Fundamental Right(s) instruments (constitutional provisions, international conventions and treaties)
- Right to health, Art. 46, Costa Rican Constitution
- Freedom of movement of people, Art. 48, Costa Rican Constitution
- Children’s rights, Art. 51, Costa Rican Constitution; UN Convention on Children's Rights; Art. 25 UDHR
- Right to bodily integrity, Art. 48, Costa Rican Constitution
- Right to information, Art. 46, Costa Rican Constitution
Rights and freedoms specifically identified as (possibly) conflicting with the right to health
- Health v. freedom of movement of persons
- Health (public) v. access to health services
- Health v. children’s rights; Health v. right to information
General principle applied
- Principle of the best interests of the child
Balancing techniques and principles (proportionality, reasonableness, others)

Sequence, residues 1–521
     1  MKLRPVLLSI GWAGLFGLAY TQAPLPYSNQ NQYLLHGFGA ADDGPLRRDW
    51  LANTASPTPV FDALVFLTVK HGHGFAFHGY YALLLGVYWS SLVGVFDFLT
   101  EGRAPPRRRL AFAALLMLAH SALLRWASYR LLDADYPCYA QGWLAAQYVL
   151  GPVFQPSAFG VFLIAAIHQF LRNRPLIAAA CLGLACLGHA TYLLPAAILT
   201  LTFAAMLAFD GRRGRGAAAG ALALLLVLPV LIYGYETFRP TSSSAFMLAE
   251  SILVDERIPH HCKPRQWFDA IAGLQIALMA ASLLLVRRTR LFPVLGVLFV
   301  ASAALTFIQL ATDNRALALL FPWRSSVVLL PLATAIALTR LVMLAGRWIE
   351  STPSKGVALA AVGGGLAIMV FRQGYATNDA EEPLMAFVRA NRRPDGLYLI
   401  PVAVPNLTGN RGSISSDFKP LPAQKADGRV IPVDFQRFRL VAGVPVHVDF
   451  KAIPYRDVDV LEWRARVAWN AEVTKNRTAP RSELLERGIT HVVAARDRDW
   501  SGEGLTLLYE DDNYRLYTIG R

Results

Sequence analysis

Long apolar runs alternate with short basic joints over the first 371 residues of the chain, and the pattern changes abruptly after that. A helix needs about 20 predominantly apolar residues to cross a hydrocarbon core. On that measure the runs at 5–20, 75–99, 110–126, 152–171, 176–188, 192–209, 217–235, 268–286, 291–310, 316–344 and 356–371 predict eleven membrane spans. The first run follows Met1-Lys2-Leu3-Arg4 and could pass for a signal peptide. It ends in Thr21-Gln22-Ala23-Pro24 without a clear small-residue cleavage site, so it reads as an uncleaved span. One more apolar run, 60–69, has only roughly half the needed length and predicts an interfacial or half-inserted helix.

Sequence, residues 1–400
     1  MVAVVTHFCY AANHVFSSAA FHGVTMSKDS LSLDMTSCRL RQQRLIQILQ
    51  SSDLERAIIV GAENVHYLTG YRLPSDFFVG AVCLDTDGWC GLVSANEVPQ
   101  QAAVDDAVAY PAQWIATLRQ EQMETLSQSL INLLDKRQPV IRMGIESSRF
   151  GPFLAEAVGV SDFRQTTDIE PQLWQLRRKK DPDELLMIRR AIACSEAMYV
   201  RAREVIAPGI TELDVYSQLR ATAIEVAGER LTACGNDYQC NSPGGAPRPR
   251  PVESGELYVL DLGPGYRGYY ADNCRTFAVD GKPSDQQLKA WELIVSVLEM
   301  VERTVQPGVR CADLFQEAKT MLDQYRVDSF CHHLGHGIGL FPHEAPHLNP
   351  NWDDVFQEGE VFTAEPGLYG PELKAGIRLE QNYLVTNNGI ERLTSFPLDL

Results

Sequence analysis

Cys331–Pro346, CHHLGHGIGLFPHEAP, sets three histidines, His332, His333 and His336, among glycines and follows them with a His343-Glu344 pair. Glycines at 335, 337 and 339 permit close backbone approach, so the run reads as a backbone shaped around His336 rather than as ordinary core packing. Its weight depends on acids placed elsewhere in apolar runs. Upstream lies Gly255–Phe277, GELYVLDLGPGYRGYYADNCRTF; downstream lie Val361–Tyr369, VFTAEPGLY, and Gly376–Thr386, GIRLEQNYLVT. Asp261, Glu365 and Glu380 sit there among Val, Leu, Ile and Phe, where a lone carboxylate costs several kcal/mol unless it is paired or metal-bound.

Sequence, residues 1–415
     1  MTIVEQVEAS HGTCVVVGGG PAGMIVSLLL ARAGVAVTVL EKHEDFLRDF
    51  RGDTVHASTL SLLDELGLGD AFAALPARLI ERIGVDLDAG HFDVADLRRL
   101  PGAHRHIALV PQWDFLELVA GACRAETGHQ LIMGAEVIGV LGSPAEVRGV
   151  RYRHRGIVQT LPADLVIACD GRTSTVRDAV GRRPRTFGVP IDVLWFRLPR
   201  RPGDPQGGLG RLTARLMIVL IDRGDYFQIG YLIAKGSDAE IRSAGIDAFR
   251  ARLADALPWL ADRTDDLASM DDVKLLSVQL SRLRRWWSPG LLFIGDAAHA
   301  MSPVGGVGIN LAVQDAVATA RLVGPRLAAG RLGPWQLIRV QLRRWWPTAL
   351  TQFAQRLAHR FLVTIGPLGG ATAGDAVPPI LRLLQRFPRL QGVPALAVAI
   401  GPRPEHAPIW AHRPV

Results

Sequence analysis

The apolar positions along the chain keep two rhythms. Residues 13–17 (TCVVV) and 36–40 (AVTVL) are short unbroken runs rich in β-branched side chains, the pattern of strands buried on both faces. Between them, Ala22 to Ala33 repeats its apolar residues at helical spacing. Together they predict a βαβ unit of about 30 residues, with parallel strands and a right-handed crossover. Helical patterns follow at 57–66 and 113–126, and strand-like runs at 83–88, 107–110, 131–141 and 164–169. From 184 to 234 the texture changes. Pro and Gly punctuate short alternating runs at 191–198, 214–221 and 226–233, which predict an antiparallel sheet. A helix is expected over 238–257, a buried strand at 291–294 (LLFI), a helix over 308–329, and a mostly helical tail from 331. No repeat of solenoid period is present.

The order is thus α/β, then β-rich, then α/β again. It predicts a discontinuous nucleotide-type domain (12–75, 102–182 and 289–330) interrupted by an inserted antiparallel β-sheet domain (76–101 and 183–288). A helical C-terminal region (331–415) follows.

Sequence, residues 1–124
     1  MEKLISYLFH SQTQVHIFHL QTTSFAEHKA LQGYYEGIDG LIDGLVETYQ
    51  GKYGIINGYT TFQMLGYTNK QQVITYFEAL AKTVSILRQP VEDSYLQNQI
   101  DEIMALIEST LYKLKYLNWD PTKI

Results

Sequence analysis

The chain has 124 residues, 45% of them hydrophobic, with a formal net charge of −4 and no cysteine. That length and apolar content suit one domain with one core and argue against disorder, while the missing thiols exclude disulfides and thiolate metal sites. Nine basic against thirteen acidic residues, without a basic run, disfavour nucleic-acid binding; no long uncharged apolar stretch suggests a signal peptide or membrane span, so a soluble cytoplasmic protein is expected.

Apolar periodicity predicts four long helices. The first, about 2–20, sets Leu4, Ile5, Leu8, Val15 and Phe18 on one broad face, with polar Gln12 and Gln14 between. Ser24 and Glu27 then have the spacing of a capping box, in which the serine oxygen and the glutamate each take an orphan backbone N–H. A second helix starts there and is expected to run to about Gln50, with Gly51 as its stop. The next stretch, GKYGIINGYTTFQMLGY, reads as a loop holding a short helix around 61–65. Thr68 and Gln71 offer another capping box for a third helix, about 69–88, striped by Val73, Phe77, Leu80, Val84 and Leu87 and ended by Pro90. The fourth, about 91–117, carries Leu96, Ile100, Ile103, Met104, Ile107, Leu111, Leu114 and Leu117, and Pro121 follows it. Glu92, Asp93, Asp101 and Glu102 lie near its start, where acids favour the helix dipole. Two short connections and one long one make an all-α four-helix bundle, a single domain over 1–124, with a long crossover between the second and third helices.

The Court pointed out that it has been reiterative in recognizing the child's best interests as a general principle that is part of the legal system and must be applied to govern all administrative and jurisdictional activity related to the respect of the rights of minors.
On the other hand, the Court implicitly applied the principles of reasonableness and proportionality to determine whether the challenged measures were justified or not [See "Reasoning of the deciding Court].
On "type of measure challenged": The child's parents challenged the government measure that made the vaccine mandatory for minors and the decision of the Hospital, which was part of the Costa Rican Social Security Fund, and the National Child Welfare Agency not to authorize the child's release and to vaccinate him against the parents' request.